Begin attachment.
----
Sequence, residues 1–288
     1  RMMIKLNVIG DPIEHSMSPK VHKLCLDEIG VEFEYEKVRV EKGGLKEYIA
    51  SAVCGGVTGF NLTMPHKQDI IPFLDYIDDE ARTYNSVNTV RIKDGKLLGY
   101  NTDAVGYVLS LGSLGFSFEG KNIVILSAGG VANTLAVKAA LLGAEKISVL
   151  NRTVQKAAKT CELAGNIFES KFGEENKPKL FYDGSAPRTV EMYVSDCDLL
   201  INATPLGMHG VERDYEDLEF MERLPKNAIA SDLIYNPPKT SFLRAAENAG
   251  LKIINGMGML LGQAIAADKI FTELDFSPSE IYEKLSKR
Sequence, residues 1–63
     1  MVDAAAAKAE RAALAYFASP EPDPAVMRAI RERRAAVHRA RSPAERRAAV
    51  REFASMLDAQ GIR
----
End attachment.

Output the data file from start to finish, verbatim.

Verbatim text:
Sequence, residues 1–288
     1  RMMIKLNVIG DPIEHSMSPK VHKLCLDEIG VEFEYEKVRV EKGGLKEYIA
    51  SAVCGGVTGF NLTMPHKQDI IPFLDYIDDE ARTYNSVNTV RIKDGKLLGY
   101  NTDAVGYVLS LGSLGFSFEG KNIVILSAGG VANTLAVKAA LLGAEKISVL
   151  NRTVQKAAKT CELAGNIFES KFGEENKPKL FYDGSAPRTV EMYVSDCDLL
   201  INATPLGMHG VERDYEDLEF MERLPKNAIA SDLIYNPPKT SFLRAAENAG
   251  LKIINGMGML LGQAIAADKI FTELDFSPSE IYEKLSKR
Sequence, residues 1–63
     1  MVDAAAAKAE RAALAYFASP EPDPAVMRAI RERRAAVHRA RSPAERRAAV
    51  REFASMLDAQ GIR